14 May 2004 02:16 PM

The Path to Joy

Remarks given by Sue Mosher 9 May 2004 at the bridging ceremony for recent graduates

Twice during my sojourn as a member of this church, I have had the opportunity to spend some time together with Dave Skidmore and Dennis Desmond -- and earlier, with Jim Blair and others -- in study and discussion of one of the most influential books on spirituality of our time – Richard Foster’s “A Celebration of Discipline,” which aims to help the reader rediscover the classic Christian spiritual disciplines, many of whose practices are lost or, at best, foreign to our modern era. Despite the appearance of that dour word “discipline” in the title, this is a “happily robust” book that can “help us to seek the kingdom of God in a more joyous and less moralistic way,” in the words of the author Madeleine L’Engle.

The final chapter turns the title on its head to speak of the discipline of celebration itself. Foster finds in celebration a central, “joyful spirit of festivity” without which prayer and fasting and service and all the other disciplines become “dull, death-breathing tools in the hands of modern Pharisees.” Yet celebration, for all its joy, doesn’t seem to come naturally to us.

It ranks as a discipline because we have to work at it. Anyone who has had to face Mother’s Day or Father’s Day after the recent loss of a parent knows the strain involved in smiling over the breakfast that the children have cheerfully cooked, a gift steeped in melancholy as the smell of the coffee and waffles triggers a memory of the one no longer present. Or, how many times do you say, “Oh, I just don’t feel like celebrating,” when a birthday or anniversary or other occasion comes around on the calendar and turn back to the TV or the computer keyboard or whatever else is filling up the time?

Foster suggests that the secret to being able to immerse ourselves in celebration is trust and transformation: First, the trust that God will nurture us and meet our needs and, as Julian of Norwich wrote in our first reading today, fulfill all our true desires. And, second, the transformation of our daily lives. This, too, is the scary stuff of discipline, for we worry about what we might lose if we spend our time less in the world and more in the Spirit. We worry about what changes God might call on us to make, or what we might have to leave behind.

But what is there to be afraid of? Aren’t we always in a state of transformation? You start a new job anxious and uncertain that you’ll have the skills to do well and, six months later, you’re the expert writing the key proposal and showing the new employee around. You meet someone, fall in love, and find that as you spend the years together, you change in unpredictable ways, transforming under each other’s influence. Or like these young people whose bridging we celebrate here today, you make a definite break with the past with an eagerness – and maybe just a touch of anxiety – that puts transformation at the center of your life.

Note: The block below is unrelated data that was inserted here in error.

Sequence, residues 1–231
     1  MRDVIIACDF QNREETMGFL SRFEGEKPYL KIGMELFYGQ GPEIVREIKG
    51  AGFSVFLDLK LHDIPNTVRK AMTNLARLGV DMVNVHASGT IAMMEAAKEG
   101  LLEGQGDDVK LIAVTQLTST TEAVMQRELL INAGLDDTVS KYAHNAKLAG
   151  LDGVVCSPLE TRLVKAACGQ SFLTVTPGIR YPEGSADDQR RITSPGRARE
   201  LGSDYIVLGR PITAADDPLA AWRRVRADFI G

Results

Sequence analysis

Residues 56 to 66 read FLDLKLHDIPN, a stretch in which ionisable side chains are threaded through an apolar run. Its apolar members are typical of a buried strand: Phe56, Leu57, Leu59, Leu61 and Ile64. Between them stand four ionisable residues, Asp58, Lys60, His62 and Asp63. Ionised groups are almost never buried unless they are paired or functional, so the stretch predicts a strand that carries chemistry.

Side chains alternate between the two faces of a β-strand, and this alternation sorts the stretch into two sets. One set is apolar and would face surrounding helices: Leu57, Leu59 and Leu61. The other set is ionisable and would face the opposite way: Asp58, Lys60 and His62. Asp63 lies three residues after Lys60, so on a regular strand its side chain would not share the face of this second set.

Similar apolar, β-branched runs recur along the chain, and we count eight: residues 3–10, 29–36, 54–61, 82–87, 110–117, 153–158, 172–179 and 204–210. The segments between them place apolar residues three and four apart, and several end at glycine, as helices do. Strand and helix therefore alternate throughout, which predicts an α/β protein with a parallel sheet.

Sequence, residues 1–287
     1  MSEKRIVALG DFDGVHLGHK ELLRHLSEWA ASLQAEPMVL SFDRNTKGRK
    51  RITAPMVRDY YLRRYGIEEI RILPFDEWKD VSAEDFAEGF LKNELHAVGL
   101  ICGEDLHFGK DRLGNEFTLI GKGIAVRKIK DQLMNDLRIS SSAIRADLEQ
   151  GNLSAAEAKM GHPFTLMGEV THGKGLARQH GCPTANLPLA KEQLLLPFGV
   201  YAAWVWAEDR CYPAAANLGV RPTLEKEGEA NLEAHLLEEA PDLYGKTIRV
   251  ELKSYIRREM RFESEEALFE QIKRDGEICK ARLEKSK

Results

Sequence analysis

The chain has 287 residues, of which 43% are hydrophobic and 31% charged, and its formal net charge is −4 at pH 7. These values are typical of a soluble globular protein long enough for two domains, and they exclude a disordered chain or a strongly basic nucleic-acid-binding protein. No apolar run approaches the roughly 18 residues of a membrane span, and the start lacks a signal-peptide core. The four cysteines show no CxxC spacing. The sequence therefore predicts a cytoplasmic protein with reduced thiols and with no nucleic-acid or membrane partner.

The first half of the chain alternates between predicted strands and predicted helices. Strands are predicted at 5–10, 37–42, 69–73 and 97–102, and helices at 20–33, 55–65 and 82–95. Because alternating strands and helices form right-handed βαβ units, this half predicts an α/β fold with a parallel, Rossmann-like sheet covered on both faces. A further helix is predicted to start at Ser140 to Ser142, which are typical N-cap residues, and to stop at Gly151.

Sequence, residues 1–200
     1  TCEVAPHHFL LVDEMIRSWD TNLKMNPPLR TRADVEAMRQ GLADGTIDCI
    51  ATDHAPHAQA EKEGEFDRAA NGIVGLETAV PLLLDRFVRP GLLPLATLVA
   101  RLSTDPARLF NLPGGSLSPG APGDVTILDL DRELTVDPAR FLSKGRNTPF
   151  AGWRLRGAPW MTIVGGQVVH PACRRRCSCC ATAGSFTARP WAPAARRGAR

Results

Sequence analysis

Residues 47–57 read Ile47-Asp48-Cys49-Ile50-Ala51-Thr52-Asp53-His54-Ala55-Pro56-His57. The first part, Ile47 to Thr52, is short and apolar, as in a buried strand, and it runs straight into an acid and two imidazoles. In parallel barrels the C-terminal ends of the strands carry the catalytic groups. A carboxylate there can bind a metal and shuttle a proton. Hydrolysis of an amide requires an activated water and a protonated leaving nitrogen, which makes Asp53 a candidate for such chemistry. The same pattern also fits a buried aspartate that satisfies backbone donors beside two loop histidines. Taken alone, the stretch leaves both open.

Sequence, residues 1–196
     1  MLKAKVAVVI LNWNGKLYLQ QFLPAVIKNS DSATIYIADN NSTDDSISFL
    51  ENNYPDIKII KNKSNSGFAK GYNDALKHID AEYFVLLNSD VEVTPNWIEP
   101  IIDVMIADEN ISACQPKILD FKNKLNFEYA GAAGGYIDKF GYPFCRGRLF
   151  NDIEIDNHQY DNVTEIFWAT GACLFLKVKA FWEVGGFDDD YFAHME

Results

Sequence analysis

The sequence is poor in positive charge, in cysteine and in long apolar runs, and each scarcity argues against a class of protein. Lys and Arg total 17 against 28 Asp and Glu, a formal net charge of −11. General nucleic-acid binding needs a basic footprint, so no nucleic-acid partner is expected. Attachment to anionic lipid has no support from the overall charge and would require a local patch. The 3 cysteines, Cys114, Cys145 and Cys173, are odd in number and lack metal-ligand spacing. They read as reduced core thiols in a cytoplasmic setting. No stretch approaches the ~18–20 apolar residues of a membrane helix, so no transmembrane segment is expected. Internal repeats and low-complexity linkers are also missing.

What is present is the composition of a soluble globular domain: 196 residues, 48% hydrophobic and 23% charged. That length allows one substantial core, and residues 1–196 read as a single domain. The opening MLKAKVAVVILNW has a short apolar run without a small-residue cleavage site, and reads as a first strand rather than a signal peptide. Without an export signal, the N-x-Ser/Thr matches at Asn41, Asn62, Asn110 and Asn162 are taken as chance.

With an act of disciplined will, we can, therefore, embrace the offer of transforming love, found not just in God’s promises but also in the faces of our fellow travelers, for, in the words of Jesus that we heard earlier, the love we have for one another marks us as followers of a higher path. The key is to set our minds on finer things – whatever things are noble, whatever things are lovely, whatever things are of good report. Richard Foster writes, “When we determine to dwell on the good and excellent things in life, we will be so full of those things that they will tend to swallow our problems.”

The simple lives of our not-too-distant neighbors up in Pennsylvania, the Amish, hold little appeal for most of us. We rather like electricity and our 21st century comforts. But the value and honor that they place on everyday activities gives us a clue as to how to live in joy and recognize that good and excellent things abound. An Amish carpenter quoted in Sue Bender’s book, “Plain and Simple” explains what he finds satisfying in life:

“It is the enjoyment of every step in the process of doing; everything, not only the isolated piece we label art. If accomplishing is the only goal, all that it takes to reach that goal is too slow, too fatiguing – an obstacle to what you want to achieve. If you want to rush to the accomplishment, it is an inevitable disappointment. Then you rush to something else. The disappointment is reaped over and over again. But if every step is pleasant, then the accomplishment becomes even more, because it is nourished by what is going on.”

So celebrate whenever and wherever you can – in your work, with friends and family, and when you are alone, with God. Relish the simple things, the everyday things. Sing when you are sad. Dance when you feel depressed. Find your path to joy in celebration, for, in Foster’s words, “Joy will make you strong.”


Philippians 4:4-8
“God is our Mother” from Revelations of Divine Love by Julian of Norwich (1342-1416)
John 13-31-35


Be anxious for nothing.
Rejoice always.
And the peace of God,
which surpasses all understanding,
will guard your hearts and minds forever more.

Building Bridges -- remarks by James Estes on the same occasion

Posted by Sue Mosher at May 14, 2004 02:16 PM
Posted to Sermons